Today's Top Alzheimer's News
May 14, 2013
Research breakthrough from the Salk Institute, updates on sequestration, and the passing of CBS News correspondent Jan Petersen (read more)
- A May 13, 2013 UT San Diego article reported that researchers at the Salk Institute may have discovered a treatment to reverse symptoms of Alzheimer’s disease. According to the article, "The drug candidate, called J147, reversed memory loss in Alzheimer’s model mice, according to a study published online Monday in the journal Alzheimer’s Research and Therapy. The study builds on earlier research finding that the drug preserves brain function when given to Alzheimer’s model mice. That study was published on December 2011 in the journal PLoS One…After six years of preclinical studies, J147 is ready for human clinical trials, said Dave Schubert, head of Salk’s cellular neurobiology laboratory. The compound, derived from the curry spice component curcumin, has low toxicity and actually reverses damage in neurons associated with Alzheimer’s, said Schubert, the study’s senior author. The lead author is Marguerite Prior, a research associate in Schubert’s laboratory."
- A May 13, 2013 Associationsnow.com article reported that "Sequestration will force the government to cut $9.3 billion in funding for research and development projects in 2013, according to the American Association for the Advancement of Science (AAAS)."
- A May 13, 2013 Wall Street Journal article reported on the impact of "brain training" games likeDouble Decisions on improving brain health. According to the article, "A government-funded study published this month found that playing Double Decision can slow and even reverse declines in brain function associated with aging, while playing crossword puzzles cannot. The study builds on an earlier large trial which found that older people who played various cognitive games had better health-related outcomes, driving records and performed better at everyday tasks such as preparing a meal."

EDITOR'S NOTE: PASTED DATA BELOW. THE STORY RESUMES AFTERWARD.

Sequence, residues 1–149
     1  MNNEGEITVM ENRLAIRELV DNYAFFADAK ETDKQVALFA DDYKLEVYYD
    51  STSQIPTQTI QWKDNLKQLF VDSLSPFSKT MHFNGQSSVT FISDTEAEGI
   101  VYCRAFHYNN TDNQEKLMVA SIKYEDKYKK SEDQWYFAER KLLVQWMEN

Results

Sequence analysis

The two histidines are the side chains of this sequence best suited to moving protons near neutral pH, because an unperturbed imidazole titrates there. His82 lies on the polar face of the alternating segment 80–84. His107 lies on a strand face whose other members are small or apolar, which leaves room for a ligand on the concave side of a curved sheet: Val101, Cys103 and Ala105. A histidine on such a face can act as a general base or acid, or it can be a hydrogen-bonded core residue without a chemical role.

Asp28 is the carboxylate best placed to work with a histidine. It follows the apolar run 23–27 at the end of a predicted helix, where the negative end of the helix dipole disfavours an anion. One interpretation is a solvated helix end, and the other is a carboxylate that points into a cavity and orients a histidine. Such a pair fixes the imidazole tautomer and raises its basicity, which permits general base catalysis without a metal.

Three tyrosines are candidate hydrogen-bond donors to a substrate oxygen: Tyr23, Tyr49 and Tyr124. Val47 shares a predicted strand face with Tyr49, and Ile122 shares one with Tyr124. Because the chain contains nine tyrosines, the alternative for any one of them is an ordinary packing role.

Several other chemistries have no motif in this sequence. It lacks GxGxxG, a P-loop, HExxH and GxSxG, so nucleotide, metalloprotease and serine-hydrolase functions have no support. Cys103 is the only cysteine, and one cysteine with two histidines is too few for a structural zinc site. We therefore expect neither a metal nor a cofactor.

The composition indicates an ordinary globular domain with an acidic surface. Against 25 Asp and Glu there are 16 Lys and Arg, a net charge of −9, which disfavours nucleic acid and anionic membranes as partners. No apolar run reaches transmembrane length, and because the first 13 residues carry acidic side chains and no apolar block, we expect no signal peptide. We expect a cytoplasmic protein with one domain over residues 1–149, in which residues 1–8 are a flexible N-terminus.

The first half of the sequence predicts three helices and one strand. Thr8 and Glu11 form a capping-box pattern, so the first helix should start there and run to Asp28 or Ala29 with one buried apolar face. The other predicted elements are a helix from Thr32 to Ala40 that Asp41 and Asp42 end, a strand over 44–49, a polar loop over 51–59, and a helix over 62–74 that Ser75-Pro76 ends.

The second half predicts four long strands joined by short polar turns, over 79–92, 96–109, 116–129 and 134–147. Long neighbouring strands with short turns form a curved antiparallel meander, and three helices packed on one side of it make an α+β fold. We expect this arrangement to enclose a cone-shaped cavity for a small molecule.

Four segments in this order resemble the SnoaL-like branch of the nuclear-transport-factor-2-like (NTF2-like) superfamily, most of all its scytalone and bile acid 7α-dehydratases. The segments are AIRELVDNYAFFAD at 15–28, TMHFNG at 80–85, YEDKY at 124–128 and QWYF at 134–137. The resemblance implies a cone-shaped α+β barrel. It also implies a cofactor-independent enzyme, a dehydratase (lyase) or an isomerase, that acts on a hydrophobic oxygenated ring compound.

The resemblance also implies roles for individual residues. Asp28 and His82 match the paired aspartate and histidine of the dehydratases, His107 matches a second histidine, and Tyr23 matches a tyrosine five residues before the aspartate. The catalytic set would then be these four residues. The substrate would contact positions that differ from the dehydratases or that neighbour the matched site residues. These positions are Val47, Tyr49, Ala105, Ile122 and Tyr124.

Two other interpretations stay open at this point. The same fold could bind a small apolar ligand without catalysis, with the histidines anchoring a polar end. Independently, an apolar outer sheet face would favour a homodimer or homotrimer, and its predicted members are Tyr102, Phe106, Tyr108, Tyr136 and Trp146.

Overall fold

- A May 13, 2013 CBS News article reported that former CBS news correspondent Jan Petersen died at age 63, after an eight-year battle with Alzheimer’s disease. According to the article, "Eight years ago she was diagnosed with early-onset Alzheimer's, a disease which affects approximately 250,000 Americans under the age of 65. The emotional story of how she and her family grappled with the effects of the disease were recounted in Barry Petersen's 2010 book, "Jan's Story," and in a "Sunday Morning" news story about how Alzheimer's changed the course of their nearly three-decade-long marriage."
- A May 14, 2013 Advocate article reported on Sarah Leavitt's new graphic novel Tangles about losing her mother to Alzheimer’s and the need for Alzheimer's awareness According to the article, "Still, the more prepared we are, the quicker we can provide our loved ones with the care they need. The more we acknowledge that disability and death await us all in the end, the more we may cherish the (able-bodied) moments we do have."